The initial vote for Chambers’ resolution had five members – including Kaufman – abstaining, with six members voting in favor and five against the motion. But a second vote brought the total to 12-0, with three abstentions.

Proponents of both motions packed the Oakwood Recreation Center building to lobby the local council, which has recently become more involved in weighing in on education matters.

When she addressed the local council, Ocean Charter Executive Director Kristy Mack-Fett reiterated a reoccurring sentiment among her school’s supporters: their fears of an unfair process that could exclude them from competing for the land lease.

Mack-Fett emphasized her school’s test scores as well as the number of local families from the Venice/Mar Vista area that attend Ocean Charter as a reason why the council should consider backing Hellsten’s recommendation.

“We’ve been (on the Walgrove campus) for five years and we’d very much like to stay there,” she said.

Zimmer also addressed the board and stated again, as he has in prior interviews with The Argonaut, that the process for selecting a school will be open and impartial.

“There seems to be a preconclusion that (the selection process) will not be fair,” Zimmer told the council. “Our legal department is absolutely committed to a fair and transparent process.”

Mack-Fett added that Ocean Charter officials would like to work with the homeowners near Walgrove as well as parents at the elementary schools who have a variety of complaints about how parents at the charter school have conducted themselves since its arrival in 2006.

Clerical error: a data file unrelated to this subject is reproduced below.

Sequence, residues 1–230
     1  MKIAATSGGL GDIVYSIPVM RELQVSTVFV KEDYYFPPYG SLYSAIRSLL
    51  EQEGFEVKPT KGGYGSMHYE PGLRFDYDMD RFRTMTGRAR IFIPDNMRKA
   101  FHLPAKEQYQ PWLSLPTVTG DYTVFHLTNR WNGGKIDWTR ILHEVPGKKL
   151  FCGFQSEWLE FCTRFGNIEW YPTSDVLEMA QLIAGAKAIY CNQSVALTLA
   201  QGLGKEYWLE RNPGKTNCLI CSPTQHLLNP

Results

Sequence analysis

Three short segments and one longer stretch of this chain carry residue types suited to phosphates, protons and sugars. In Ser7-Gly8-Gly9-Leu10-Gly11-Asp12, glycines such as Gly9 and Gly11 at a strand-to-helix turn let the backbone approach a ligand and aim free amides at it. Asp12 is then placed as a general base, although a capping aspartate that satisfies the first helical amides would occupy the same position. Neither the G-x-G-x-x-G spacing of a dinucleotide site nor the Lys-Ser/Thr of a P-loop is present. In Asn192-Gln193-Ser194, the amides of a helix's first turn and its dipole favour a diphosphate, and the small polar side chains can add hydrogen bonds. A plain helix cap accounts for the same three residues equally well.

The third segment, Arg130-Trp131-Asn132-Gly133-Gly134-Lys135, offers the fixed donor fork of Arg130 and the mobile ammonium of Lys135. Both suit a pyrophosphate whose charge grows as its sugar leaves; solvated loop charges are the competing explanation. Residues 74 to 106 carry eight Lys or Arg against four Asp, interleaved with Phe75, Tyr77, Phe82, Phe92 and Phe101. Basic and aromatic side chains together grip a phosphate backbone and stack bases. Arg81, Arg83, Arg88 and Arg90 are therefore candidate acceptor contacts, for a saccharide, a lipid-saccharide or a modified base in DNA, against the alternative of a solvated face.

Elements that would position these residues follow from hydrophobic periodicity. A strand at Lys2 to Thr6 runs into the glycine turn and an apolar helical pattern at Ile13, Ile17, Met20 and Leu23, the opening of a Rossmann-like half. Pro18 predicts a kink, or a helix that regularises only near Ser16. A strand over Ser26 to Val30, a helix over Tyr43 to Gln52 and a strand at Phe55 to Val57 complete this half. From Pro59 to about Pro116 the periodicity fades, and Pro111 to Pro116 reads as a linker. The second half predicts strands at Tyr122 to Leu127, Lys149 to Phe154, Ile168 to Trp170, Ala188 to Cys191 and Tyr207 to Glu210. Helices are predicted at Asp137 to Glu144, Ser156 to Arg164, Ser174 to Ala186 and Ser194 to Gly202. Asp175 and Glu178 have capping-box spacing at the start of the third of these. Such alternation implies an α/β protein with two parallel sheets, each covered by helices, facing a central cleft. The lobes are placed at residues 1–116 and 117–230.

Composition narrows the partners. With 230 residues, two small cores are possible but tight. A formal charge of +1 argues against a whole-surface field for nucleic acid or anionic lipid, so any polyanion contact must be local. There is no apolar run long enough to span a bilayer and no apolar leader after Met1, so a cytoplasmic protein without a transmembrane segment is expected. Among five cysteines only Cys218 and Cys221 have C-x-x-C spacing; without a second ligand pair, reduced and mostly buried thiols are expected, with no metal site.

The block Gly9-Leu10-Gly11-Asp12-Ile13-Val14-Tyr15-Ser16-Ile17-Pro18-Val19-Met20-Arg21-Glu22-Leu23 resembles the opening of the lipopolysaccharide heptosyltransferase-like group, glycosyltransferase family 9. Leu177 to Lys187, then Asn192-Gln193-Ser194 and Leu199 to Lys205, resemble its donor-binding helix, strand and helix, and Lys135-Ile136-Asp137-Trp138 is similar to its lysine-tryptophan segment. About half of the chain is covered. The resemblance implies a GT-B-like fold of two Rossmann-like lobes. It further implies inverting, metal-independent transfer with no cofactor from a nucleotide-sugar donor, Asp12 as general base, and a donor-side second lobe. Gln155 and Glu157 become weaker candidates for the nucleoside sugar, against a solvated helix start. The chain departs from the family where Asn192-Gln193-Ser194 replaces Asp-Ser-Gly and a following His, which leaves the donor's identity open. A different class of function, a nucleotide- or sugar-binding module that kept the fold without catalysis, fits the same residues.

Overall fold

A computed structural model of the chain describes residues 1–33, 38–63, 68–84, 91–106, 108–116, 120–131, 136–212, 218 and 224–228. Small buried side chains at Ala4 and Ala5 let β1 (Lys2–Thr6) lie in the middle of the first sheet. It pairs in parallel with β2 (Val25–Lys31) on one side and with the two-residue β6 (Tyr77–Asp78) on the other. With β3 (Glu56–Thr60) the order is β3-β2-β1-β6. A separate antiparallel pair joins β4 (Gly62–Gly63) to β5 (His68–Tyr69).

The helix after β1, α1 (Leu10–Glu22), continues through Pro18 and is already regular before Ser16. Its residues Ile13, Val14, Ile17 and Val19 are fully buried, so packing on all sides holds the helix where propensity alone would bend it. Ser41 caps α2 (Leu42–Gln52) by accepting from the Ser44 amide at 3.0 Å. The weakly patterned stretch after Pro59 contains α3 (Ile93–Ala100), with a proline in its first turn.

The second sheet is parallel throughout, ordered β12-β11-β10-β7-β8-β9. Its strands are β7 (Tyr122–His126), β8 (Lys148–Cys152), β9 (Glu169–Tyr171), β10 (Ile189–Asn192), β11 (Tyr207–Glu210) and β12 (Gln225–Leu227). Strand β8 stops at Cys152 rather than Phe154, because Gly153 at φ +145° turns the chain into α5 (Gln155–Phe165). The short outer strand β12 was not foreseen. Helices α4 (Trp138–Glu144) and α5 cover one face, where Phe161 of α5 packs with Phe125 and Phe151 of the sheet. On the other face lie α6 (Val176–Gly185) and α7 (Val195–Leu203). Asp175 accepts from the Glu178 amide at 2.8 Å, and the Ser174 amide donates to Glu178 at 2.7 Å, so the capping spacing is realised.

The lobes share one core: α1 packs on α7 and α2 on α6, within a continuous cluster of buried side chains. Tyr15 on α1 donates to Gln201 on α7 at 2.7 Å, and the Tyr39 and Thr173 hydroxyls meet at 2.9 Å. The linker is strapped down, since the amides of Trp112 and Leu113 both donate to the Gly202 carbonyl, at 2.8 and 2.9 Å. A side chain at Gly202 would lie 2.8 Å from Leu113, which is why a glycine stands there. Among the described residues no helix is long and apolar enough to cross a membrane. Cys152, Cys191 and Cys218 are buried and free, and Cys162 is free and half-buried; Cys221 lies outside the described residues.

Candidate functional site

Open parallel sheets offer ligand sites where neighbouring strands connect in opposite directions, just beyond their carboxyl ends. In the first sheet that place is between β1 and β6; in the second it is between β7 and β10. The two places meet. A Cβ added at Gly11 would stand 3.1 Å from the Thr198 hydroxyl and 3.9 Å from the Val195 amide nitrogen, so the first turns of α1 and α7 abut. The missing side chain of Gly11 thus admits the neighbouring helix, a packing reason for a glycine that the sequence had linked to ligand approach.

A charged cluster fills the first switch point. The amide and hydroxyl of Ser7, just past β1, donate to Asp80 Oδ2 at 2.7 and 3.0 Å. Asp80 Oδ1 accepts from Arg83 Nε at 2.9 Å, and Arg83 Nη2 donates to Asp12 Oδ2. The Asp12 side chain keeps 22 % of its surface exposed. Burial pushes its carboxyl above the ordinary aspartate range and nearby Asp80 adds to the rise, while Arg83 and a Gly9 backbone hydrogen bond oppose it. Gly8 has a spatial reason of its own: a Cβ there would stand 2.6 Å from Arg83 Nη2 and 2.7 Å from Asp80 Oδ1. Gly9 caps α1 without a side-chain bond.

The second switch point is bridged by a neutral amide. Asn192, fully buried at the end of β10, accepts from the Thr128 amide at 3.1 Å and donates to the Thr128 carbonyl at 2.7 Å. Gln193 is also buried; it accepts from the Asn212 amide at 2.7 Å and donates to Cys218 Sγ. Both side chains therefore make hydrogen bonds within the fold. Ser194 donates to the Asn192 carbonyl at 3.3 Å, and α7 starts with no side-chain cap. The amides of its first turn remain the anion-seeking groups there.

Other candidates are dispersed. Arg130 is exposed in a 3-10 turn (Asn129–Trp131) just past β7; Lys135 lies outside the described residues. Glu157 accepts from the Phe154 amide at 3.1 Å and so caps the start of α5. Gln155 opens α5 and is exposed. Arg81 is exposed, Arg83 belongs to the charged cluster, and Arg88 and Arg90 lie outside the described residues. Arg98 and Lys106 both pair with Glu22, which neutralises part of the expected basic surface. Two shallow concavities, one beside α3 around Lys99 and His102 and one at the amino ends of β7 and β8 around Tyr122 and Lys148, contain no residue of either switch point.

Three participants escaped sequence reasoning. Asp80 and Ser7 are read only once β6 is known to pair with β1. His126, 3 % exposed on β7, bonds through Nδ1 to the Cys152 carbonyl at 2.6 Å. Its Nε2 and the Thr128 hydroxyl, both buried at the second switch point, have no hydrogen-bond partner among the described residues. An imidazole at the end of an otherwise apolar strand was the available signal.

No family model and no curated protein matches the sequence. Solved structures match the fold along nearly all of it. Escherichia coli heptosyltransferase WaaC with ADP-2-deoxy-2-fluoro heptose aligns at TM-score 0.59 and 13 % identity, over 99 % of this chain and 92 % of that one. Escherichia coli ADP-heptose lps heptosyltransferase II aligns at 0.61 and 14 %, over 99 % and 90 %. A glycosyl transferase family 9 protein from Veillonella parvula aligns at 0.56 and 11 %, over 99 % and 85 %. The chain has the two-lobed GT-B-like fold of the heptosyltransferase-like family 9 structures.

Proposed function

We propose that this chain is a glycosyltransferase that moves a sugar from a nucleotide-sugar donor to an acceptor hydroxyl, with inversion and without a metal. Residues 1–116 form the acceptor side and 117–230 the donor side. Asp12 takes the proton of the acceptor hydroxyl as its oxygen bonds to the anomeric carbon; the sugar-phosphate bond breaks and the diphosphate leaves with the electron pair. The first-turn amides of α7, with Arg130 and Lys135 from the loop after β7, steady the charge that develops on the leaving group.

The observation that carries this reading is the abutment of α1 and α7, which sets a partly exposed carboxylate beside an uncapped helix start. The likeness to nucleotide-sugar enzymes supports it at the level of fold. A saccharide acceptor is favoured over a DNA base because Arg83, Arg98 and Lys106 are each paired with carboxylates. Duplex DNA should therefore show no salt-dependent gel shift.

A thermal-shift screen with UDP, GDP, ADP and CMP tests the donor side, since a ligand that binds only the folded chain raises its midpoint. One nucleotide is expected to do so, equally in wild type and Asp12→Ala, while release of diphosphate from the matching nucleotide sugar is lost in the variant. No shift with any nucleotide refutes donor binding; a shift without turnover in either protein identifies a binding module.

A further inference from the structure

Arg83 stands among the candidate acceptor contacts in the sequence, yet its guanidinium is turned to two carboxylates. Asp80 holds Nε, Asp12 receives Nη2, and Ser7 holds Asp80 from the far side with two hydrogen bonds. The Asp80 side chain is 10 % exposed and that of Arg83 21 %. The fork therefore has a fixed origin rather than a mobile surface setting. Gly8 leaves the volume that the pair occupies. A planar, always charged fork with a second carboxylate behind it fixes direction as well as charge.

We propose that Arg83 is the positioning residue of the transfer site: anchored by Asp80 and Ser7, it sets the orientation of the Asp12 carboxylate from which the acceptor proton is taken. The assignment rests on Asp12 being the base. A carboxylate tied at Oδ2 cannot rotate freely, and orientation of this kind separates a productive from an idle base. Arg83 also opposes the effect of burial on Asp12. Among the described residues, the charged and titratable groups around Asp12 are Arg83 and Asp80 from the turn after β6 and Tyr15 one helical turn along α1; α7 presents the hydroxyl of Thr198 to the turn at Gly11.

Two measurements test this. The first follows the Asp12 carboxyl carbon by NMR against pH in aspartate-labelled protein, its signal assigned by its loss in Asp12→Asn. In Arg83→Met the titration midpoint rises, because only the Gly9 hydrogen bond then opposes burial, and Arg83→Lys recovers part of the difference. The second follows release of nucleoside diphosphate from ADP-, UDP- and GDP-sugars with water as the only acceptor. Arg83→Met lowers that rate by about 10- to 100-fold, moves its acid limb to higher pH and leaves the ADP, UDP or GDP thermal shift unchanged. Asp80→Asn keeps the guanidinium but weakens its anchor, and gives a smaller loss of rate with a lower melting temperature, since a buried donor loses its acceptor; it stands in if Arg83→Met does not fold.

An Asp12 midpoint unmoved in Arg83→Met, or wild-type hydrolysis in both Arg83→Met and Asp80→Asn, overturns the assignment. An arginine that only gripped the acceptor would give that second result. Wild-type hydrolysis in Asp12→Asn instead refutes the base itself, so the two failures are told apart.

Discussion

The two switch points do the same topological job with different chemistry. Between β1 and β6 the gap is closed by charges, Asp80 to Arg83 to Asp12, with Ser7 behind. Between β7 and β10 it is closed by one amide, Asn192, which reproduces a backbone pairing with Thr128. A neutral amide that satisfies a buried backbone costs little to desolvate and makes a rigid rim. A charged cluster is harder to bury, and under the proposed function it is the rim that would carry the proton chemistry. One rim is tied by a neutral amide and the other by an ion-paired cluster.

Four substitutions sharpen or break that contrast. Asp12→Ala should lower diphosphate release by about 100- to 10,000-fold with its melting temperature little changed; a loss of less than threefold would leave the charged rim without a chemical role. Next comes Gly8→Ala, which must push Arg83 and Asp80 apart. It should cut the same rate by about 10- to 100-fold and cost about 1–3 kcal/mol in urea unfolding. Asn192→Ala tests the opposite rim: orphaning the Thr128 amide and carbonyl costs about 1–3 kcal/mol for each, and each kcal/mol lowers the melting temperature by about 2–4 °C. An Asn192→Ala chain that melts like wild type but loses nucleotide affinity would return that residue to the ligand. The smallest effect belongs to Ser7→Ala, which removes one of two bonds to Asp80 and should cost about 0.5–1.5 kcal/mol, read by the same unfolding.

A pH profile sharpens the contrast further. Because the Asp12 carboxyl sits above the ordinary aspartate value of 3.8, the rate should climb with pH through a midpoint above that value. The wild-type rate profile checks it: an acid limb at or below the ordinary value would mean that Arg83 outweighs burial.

“We’d like to continue to be a part of this community and would like to work with our Walgrove partners on improving things and ideally developing a site that houses our whole school and also can be developed in collaboration with the shared vision of Walgrove,” she said.

Zimmer also addressed certain language that has been used by supporters of Ocean Charter, who frequently say they feel that they would be “evicted” from the Walgrove campus if they are not chosen for the land lease.

He noted that eviction is a legal term and Ocean Charter signed an agreement to colocate at Walgrove only through 2012.

Approximately 50 parents of Walgrove students signed a letter asking the Venice council to wait until the applications have been submitted before deciding to back a specific charter.

“We are the ones that will be most impacted,” said Claudia Trevisan, who lives near the elementary school and who signed the letter. “We want more middle school choices for our children, and as a Walgrove parent, I would like to see a school that does not compete with elementary school kids.”